Please use this identifier to cite or link to this item: http://hdl.handle.net/2381/39925
Title: Social Networking Website-Based Learning Activities to Develop Critical Thinking Skills among Undergraduate Students in Saudi Arabia
Authors: Alsaleh, Nada Jehad
Supervisors: Edirisingha, Pilitha
Fodah, Olfat
Award date: 14-Jun-2017
Presented at: University of Leicester
Abstract: The aim of this study is to investigate whether the use of social networking (SN) website-based learning activities can promote students’ critical thinking (CT) skills and their participation in course activities. For this, an educational intervention was designed and implemented through several stages, drawing from the ADDIE (Analysis, Design, Development, Implementation and Evaluation) learning design model. The intervention is a type of learning activity design based on the WebQuest model, and included open-ended questions and different SN website sources. In order to answer a given question, students were required to browse, criticise and evaluate the source content and present their thoughts in an argumentative essay. I adopted the design-based research (DBR) approach within a mixed methods research design framework to evaluate the effectiveness of the research intervention. Research tools included a CT rubric and student questionnaires as the quantitative tools; and observations, student focus groups and student reflections as the qualitative tools. The main study was conducted in one semester course (16 weeks) with 24 undergraduate female students at King Saud University (KSU), in the first semester of 2014-2015. The quantitative and qualitative data were analysed at the same stage, at the end of the semester. The quantitative data was analysed using one-way repeated measures analysis of variance (ANOVA), Pairwise Comparisons (post-hoc test) and some descriptive statistics. In addition, the qualitative data was analysed thematically using the research questions as a basis for the analysis themes. The intervention revealed positive findings in terms of students’ CT and argumentative writing skills as well as their attitudes. The findings also provide a deeper understanding of students’ perceptions of SN website usage and investigate the factors that affect students’ participation in these course activities. This study found that SN websites alone cannot promote student participation in course activities. SN website usage should be combined with other aspects/factors such as choosing activity topics, the teacher’s role in introducing and implementing activities and consideration of students’ time and other course’s requirements. This study contributes to knowledge by exploring how social constructivism propositions can apply to SN website-based learning activities to help Saudi students learn and apply CT skills.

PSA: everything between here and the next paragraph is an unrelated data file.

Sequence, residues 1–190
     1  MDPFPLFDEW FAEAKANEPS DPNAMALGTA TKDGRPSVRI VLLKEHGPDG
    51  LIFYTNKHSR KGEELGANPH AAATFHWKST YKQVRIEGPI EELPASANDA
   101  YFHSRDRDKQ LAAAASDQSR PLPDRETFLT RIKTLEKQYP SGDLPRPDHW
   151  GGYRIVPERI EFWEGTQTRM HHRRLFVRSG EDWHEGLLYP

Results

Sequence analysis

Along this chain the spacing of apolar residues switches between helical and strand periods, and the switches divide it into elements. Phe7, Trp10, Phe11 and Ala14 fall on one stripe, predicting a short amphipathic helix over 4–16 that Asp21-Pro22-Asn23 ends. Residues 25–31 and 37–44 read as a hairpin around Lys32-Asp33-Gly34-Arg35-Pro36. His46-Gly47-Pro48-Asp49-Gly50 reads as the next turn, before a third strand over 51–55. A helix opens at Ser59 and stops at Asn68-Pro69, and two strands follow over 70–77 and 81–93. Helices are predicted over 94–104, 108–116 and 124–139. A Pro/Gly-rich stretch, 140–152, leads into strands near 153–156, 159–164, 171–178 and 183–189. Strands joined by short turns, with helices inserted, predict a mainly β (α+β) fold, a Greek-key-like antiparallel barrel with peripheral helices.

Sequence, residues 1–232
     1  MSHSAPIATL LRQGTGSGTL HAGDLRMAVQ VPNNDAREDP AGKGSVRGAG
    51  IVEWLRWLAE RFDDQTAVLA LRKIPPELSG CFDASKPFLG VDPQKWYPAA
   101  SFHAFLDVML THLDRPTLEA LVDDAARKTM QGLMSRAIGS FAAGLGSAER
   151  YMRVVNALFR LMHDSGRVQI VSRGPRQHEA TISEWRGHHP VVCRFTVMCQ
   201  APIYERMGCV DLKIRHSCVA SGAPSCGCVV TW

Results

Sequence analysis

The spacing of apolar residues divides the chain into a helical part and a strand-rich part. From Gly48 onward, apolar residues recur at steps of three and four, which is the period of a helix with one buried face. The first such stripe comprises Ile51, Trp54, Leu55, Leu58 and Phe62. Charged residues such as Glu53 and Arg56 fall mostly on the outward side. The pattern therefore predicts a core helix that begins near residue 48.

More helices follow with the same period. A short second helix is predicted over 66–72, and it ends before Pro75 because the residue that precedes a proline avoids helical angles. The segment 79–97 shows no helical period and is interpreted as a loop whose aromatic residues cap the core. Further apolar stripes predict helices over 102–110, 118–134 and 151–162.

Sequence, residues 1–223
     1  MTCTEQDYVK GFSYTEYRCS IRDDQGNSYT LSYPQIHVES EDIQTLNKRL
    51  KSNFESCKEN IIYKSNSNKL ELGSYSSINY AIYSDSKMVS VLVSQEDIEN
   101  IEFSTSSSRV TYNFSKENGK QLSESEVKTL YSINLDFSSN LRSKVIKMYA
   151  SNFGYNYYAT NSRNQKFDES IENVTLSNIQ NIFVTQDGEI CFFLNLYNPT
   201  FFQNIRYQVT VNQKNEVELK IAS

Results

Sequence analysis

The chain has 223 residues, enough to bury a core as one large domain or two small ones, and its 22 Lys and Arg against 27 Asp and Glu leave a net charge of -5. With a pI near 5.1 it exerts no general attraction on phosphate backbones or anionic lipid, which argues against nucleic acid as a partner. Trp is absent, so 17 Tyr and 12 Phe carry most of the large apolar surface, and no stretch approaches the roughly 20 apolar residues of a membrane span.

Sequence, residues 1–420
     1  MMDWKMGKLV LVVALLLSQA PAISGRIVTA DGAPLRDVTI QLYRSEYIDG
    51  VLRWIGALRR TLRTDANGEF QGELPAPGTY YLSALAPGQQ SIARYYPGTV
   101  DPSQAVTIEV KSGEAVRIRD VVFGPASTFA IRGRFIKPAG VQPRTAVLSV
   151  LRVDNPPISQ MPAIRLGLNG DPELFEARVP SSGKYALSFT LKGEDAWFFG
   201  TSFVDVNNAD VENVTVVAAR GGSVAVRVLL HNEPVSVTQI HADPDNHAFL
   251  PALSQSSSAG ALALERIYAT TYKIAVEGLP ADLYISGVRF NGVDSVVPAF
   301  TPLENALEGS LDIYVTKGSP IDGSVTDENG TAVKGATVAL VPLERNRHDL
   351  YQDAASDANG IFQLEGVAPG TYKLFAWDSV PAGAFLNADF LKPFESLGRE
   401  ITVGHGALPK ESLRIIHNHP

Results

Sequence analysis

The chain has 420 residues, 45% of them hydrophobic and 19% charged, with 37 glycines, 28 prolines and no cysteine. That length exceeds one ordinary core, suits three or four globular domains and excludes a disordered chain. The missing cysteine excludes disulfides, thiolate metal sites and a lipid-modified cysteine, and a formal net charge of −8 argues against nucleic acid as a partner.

Links: http://hdl.handle.net/2381/39925
Type: Thesis
Level: Doctoral
Qualification: PhD
Rights: Copyright © the author. All rights reserved.
Appears in Collections:Leicester Theses
Theses, School of Education

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